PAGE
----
Clause 5 of Bill says clearly that the definition of “conversion therapy” in the bill does not refer to “a person’s exploration of their identity or to its development.” This means that there is nothing in the bill that prevents parents from talking to their children about their sexual orientation or gender identity. Nothing in the bill prevents spiritual leaders from discussing these topics with their followers. Nothing in the bill prohibits anyone from holding bigoted and outdated ideas about sexual orientation or gender identity or expression. What it does prevent is taking those beliefs and ideas and turning them into hateful and harmful practices disguised as “therapy”. How the bill is an appropriate bill for a free vote is a question that I will continue to have for my Conservative colleagues.
Returning to the NDP position on the bill, again, as I have said, we will support it at second reading. However, we do believe the bill can and should be improved. What are those improvements we are looking for?
First, we would like to see the government respond positively to the demand from the SOGIE community for a full ban on conversion therapy, a ban for adults as well as for children.
The has made the argument previously that his goal here is to have a bill that is charter challenge proof. His solution has been to design Bill to avoid possible charter challenges by focusing on non-consenting adults, minors and the “business” of conversion therapy. It sets aside the question of so-called “consenting adults.”
This is a good argument in that I do believe the bill would survive a charter challenge as the provisions around the business of conversion therapy included will result in an effective ban on the practice for consenting adults, at least when it comes to paid services. However, a total ban would also survive a charter challenge. I would very much like to see any legal opinions that the government might have saying that it would not.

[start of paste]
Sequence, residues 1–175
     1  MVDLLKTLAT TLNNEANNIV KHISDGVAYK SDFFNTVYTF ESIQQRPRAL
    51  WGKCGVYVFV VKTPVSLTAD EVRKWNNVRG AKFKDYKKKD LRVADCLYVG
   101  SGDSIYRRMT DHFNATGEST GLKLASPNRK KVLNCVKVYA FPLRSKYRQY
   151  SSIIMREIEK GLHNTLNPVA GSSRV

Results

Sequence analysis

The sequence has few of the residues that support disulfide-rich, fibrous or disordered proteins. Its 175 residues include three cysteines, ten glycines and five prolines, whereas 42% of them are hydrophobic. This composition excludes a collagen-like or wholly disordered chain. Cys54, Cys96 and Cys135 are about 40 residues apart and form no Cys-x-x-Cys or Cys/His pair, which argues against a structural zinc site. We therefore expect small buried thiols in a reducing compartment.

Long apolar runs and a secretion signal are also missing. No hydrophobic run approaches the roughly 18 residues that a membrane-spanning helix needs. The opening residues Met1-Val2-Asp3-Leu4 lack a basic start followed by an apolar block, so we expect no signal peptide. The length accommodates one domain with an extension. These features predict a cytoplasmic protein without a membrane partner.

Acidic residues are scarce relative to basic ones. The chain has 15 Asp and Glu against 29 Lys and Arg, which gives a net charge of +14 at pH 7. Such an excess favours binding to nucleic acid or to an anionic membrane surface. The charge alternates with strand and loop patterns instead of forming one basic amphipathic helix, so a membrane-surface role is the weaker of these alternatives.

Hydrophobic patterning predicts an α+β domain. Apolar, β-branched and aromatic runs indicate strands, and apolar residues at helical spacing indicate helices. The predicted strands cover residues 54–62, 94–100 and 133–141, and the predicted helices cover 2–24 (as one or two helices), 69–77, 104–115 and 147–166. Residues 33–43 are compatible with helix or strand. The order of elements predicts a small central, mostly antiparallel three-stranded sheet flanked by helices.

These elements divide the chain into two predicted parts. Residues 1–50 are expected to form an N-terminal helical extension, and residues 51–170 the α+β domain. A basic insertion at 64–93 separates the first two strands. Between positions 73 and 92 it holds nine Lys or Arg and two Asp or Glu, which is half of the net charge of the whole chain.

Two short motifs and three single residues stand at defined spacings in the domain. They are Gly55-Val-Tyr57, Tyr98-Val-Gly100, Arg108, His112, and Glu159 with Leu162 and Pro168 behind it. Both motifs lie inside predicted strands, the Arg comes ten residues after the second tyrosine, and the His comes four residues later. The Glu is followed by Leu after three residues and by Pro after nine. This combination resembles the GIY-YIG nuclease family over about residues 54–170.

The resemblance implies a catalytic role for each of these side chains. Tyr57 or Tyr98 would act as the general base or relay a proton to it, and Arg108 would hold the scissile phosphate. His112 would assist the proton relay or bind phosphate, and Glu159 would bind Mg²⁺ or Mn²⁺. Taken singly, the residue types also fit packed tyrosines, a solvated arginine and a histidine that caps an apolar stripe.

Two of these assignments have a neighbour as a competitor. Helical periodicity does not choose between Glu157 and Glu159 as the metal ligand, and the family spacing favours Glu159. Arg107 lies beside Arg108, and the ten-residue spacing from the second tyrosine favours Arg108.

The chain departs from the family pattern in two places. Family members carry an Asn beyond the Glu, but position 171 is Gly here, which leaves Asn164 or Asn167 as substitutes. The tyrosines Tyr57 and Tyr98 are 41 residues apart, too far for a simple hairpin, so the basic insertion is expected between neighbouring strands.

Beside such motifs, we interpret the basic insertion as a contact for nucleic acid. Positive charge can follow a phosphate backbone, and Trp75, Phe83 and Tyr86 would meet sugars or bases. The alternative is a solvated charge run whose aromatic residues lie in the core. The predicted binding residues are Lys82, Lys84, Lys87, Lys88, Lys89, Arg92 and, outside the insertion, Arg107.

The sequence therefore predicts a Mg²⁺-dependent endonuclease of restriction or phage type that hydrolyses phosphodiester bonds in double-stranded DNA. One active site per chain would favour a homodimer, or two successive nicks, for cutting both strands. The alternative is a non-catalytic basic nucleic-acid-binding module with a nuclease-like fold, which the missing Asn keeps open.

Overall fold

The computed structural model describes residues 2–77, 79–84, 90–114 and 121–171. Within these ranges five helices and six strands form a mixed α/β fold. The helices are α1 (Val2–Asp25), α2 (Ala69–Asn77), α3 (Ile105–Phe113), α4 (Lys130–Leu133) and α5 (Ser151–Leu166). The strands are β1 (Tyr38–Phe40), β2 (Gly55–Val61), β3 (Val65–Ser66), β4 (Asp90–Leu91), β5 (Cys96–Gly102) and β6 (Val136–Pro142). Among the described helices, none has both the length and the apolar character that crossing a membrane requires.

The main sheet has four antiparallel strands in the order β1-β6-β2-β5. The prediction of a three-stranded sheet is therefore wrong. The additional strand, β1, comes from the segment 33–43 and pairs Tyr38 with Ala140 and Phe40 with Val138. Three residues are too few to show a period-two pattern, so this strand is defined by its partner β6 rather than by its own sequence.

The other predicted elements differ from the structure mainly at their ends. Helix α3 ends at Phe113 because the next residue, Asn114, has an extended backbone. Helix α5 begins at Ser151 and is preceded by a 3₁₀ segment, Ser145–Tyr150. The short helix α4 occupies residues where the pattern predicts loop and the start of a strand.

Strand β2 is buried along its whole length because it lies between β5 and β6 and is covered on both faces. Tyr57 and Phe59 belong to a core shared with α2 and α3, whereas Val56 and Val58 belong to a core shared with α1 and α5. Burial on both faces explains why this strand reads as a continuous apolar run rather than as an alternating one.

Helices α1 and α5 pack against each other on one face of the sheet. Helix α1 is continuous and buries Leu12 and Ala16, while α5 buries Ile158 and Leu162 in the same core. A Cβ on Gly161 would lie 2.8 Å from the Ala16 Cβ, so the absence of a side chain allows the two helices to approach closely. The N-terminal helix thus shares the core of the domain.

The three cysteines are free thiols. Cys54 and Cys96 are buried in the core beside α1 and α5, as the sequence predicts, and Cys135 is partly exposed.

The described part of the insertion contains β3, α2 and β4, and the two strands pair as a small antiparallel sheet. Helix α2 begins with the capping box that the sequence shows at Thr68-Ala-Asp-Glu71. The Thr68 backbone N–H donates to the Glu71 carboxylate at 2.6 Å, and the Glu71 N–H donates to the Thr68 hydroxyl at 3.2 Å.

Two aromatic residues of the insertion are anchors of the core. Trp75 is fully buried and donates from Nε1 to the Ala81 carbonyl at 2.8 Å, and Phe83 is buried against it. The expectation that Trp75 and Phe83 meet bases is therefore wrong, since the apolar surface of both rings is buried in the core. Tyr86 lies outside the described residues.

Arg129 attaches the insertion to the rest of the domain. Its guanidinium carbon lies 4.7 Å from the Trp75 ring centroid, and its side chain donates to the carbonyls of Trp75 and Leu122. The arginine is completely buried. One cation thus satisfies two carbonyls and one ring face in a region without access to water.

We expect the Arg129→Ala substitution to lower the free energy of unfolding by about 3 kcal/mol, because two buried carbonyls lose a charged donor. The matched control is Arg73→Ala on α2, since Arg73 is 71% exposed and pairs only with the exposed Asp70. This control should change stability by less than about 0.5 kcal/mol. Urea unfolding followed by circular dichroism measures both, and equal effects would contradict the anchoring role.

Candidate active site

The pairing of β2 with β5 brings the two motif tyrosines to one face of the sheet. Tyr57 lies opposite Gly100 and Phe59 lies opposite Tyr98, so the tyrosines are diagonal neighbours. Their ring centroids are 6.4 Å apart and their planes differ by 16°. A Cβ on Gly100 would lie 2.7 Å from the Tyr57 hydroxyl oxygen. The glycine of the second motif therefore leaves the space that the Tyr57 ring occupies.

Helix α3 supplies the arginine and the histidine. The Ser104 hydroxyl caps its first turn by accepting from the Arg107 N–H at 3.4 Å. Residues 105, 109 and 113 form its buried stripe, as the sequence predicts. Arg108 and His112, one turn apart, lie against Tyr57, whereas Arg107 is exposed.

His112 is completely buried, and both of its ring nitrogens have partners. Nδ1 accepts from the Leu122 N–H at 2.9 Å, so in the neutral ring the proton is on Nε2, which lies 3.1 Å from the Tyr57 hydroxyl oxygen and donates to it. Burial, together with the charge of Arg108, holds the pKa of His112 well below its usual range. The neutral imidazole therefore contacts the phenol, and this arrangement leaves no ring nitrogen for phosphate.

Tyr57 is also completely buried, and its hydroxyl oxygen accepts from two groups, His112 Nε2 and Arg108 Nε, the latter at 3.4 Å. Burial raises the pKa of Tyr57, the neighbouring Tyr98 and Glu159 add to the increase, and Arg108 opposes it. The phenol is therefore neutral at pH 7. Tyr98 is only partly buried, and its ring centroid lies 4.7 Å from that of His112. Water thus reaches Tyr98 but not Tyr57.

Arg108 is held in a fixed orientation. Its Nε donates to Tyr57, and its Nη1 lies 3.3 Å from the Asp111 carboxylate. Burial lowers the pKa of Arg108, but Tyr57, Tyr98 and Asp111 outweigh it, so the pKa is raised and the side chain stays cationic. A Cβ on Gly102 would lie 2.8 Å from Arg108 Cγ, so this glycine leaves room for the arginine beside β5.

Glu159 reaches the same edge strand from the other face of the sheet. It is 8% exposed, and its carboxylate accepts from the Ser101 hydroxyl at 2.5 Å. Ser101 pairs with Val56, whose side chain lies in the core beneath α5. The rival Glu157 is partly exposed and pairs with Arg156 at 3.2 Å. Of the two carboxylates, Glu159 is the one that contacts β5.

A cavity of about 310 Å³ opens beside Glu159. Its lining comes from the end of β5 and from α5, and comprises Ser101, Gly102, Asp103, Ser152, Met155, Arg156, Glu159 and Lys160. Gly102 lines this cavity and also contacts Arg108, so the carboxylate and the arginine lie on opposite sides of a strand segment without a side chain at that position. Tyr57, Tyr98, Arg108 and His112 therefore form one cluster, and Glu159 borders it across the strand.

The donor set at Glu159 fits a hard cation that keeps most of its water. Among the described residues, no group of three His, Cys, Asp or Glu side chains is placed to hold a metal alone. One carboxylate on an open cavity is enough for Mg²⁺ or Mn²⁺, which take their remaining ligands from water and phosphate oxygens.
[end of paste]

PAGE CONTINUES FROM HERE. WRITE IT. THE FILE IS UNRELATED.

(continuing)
In brief, my argument here is that there is an equally compelling charter argument that it is a reasonable limit on fundamental rights to prohibit anyone from giving consent to a practice that is clearly harmful to those subjected to it. Without going too far down the legal rabbit hole here, there is parallel jurisprudence that has upheld restrictions on things like fight clubs, which leads me to conclude that a full ban would also be found charter compliant.
The second and perhaps more significant area in which the bill can be improved is in the language used to define what conversion therapy is. The language in Bill is actually pretty good when it comes to the traditional conversion therapy practice directed at sexual orientation. I am also glad that there is language in the bill attempting to ensure it covers banning conversion therapy directed at trans and non-binary Canadians.
This kind of practice is often styled as “gender-affirming therapy” or “transition treatment” or other such positive-sounding names. However, this is where the language in the bill is not so good. The committee will need to have a close look at this clause of the bill to ensure it is as comprehensive and up to date with current practice as possible when it comes to so-called therapies aimed at transgender and non-binary Canadians.
Now let me address a bit of revisionist history that has crept into the discussion of the bill. I want to take a moment to remind the House how we got here to second reading on a bill to ban conversion therapy. Of course elected officials have played a role, but not everyone who is on side now was always there.